Chinese communities in other parts of the world also defied racist stereotypes. The Italian city of Prato, where about 10 percent of the population is Chinese, had almost half the average infection rate of Italy due to the early adoption of strict isolation and sanitary measures by the town’s Chinese community, which alerted the rest of the town to start implementing health measures. Yet the conflation of the coronavirus with people of Chinese or Asian descent has persisted around the globe.
Advice from journalist Eternity Martis in her memoir, They Said This Would Be Fun: Race, Campus Life, and Growing Up, brought back memories of attending law school at Queen’s University in Kingston, Ontario in the late 1980s: “When white kids refuse to make room for you on the sidewalk, do not step off. Jim Crow South etiquette is over,” she writes. In those days, I’d force myself to stay on the sidewalk when groups of white or male students were approaching, although of course I’d shift to the side. Sometimes students would move and sometimes they wouldn’t, as if I were invisible. Often, they’d move when they were just about to collide with me, seemingly unconscious of the space they were claiming as their own.
Earlier in the pandemic, though, when white seniors were approaching, I automatically stepped off the sidewalk onto the grassy boulevards, even off of the curb if I was unable to cross to the other side of the street. During lowered case counts and lifted restrictions last spring, I started claiming my portion of the sidewalk again. But I’ve found myself having to make a conscious effort to do so. I hadn’t realized how accustomed I’d become to deferring to white people, as if they had a greater right to public space.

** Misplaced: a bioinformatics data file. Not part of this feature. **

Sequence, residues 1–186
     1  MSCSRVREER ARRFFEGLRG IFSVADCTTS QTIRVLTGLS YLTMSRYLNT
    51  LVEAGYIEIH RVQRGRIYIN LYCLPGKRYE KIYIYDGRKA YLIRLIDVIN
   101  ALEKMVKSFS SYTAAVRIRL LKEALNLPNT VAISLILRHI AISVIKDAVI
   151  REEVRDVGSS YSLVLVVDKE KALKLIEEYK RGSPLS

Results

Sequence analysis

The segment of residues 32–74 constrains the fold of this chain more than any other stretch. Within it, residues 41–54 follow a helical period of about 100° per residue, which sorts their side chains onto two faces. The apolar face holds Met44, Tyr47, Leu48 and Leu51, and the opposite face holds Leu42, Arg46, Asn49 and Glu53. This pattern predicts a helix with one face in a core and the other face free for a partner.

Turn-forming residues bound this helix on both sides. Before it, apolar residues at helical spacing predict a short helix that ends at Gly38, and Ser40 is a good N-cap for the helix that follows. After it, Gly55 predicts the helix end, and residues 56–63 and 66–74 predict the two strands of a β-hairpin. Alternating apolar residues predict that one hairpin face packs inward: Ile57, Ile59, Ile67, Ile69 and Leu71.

My friend and colleague, Vancouver-born author Evelyn Lau, lives in the heart of downtown in between Yaletown and the West End. A few times during her daily walks, white senior citizens have rudely barked at her on the street to “Walk over there!” gesturing for her to walk at a distance. Some have even ordered her to “Wear a mask!” while outdoors, singling her out among many maskless pedestrians. They probably didn’t realize that they were addressing the former poet laureate of Vancouver.
“Go back to where you came from!” and “Go back to China!” These lines have been hurled at Asian Canadians despite the diversity of our diasporic communities. Canadian birth, citizenship and long-time residency have provided no immunity. While waiting for her food order outside of a restaurant in Toronto, ER nurse Katherine Cheung experienced a confrontation with a woman on the street: “She told me to go back to wherever I came from and called me racial slurs,” she told CTV News. “Then she came very close to my face and purposely spit on me.”
Tina J. Park is a foreign policy expert who immigrated to Canada at a young age from South Korea. In an article for Policy Options, she described racist acts such as being yelled at, verbally harassed or denied service about a dozen times in Ottawa during the first year of the pandemic. “Despite working as a human rights advocate for the past decade, I found myself completely helpless when an angry stranger at the grocery store suddenly told me to get out, yelling “Go back to China.”
In Richmond, the CBC reported that two men sitting in a car yelled, “Hey you! You f---king ch---k ... go back to your country!” at a woman and her mother, who had immigrated to Canada more than twenty-five years ago. APTN reported that a stranger at a downtown Montreal metro station allegedly mistook a woman from Kuujjuaq, Nunavik for being Chinese, spat at the ground and told her to leave the country.